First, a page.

So, using some other funds, I bet on her. And the crew. I wanted to make the dealers at the Gate love me.

The final tally: Qube Queen $161, Royal Flusher $47

Mrs. Flusher had won the first ever Las Vegas Olympics Gold Medal. And, by default, I had won the brown medal.

We colored up, cashed out, and moved on. A few hours of taking careful advantage of the superior gambling conditions in our chosen casinos saw the Quad Queen down her entire days’ stake, slinking off to the ABC store for Hawaiian chocolate, and slinking up to the room to devour the Hawaiian chocolate. Not one to give up, she responded to this drought by returning to the Four Queens and pounding out five quads in short succession.  I was also low on dough for the day and mostly pouted.
We got hungry, so we quickly checked for messages about Duke’s condition – nothing – before grabbing dinner at the coffee shop in the Golden Gate. I was hoping maybe some P.R.O.B. would fix my mood.

“I can’t believe you kicked my ass at craps, and won gold, and I won shite, and we’re getting our asses kicked, and there’s still no word about Duke,” I whined, hardly tasting my roast beef.
Mrs. Flusher barely glanced up. “Take it easy…”

We had to start our daily Clean and Jerk betting, where we’d double the amount each day. The starting stakes were $1 and as it happened, we both settled on keno so we hit the California. There was a bit of a scuffle as the tickets were prepared since my loving wife accused me of trying to steal her numbers and copy them to avoid being beaten at the start of the event. This was an outrageous accusation, not at all in the spirit of honest competition. Can you imagine?!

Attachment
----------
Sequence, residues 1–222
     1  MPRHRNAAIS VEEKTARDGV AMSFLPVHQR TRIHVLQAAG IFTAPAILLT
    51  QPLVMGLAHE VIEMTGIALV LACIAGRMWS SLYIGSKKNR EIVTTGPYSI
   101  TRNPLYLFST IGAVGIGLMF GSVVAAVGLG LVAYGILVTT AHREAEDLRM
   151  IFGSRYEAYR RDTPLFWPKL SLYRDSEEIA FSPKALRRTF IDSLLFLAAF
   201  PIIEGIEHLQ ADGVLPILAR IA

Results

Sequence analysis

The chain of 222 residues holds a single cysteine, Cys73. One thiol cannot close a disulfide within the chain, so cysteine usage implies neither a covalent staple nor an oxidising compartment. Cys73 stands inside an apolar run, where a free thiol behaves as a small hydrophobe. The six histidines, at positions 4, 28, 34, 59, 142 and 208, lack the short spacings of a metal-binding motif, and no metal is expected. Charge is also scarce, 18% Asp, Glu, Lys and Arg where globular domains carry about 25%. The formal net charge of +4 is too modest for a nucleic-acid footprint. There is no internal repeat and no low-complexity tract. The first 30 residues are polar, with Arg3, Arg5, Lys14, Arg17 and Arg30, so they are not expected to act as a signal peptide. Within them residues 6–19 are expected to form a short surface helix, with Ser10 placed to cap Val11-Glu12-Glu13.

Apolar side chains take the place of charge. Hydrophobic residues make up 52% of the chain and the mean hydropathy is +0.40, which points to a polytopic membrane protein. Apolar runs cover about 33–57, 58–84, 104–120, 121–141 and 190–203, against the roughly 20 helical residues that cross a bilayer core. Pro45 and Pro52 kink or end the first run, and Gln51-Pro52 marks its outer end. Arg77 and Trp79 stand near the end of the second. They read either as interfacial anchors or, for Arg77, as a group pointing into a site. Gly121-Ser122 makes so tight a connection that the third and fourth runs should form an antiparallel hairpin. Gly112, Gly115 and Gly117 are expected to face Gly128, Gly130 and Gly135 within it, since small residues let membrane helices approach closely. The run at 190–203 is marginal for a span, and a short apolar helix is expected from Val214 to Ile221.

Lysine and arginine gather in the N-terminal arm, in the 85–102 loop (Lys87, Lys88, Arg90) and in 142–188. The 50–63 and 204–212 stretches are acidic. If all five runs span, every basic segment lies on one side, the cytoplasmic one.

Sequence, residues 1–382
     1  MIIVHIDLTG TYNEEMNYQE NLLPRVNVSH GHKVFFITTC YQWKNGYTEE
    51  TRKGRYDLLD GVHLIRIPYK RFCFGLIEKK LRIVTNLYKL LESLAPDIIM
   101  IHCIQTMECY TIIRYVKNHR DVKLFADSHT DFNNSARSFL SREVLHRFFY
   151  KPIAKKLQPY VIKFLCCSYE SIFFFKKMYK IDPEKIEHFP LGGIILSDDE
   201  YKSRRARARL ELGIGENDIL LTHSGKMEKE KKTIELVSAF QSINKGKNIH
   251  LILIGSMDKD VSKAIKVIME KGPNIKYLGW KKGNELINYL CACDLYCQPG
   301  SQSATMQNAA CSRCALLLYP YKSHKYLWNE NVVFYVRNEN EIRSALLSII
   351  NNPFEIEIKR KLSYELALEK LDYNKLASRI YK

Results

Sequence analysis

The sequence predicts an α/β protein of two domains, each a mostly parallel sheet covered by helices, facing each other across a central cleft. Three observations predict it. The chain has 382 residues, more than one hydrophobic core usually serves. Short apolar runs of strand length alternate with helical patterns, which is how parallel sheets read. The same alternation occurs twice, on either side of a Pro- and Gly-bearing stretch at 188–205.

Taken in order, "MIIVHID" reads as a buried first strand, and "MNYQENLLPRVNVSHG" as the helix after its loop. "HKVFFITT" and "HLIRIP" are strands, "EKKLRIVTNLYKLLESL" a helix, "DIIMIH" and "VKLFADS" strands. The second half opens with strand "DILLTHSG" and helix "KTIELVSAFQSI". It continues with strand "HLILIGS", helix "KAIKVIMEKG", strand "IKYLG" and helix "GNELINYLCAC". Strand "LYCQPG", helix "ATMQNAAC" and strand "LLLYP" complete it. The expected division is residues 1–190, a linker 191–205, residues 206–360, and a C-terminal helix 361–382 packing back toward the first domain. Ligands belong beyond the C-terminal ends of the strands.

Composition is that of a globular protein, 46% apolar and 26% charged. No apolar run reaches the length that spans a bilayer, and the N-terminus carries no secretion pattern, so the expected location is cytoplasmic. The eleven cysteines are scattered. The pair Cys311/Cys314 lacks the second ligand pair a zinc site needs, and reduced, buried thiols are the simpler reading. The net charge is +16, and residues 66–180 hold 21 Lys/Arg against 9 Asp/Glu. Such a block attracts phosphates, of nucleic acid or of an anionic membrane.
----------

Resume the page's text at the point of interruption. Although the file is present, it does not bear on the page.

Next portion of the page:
Sadly, I was only able to steal and copy 4 of her 6 numbers, but in the end we both scored a great big dinosaur egg, which is about the same as a hen’s egg, or more commonly a goose egg, as in zilch. We were tied in the Clean and Jerk for the day.
We finished up back at our hotel where my Queen pulled off such Double Bonus stunts as holding a single Ace drawing quad 8s, and nailing dealt quad 4s for $100.

I moved to the game where I’d won almost every session on my birthday trip (and gotten my ass kicked earlier in the day) – the craps table. I smoothly bought in for a hundred and tossed my players card on the felt so they could rate my play and shower me with comps after I’d been there for four or five hours. Chips arrived with a “Good Luck Mr. Flusher”.

Five minutes later, I smoothly bought in for a second hundred. Five bad rolls in a row were a fluke, right?

There was an audible sucking sound, as the table horked chips out of my rail right left and center. They magically flew from my rail, through the air, directly into the boxman’s rack. Ten minutes after I started I was on my way to bed. It was all gone. Back in the room, we confirmed the worst after a quick accounting. We had both lost our entire days’ stakes and a bit more, a rare occurrence. Oh what gamblers we were!

Stuffing in earplugs to ensure a quiet night, only one thought comforted me – that of Olympic revenge at the next days’ event. Ah, the crack of the bat, the snap of balls into a well broken-in glove… yes, sex with The Flusher is good, but never mind that - Olympic Baseball would be even better.

The Score

$31.25 Quads: QQ 5, RF 1
$50.00 Quads: QQ 1, RF 1
$62.50 Quads: QQ 1, RF 0
$100.00 Quads: QQ 1, RF 0
$200 ass-kickings at craps table: RF 1
Boring Who-Cares Las Vegas Olympic Gold Medals: QQ 1, RF 0
Club (with dodgy bacon) Sandwiches: two
Sour Grapes: RF 1
Clean and Jerk: QQ ($1 Keno): $0 RF ($1 Keno with very similar numbers to QQ): $0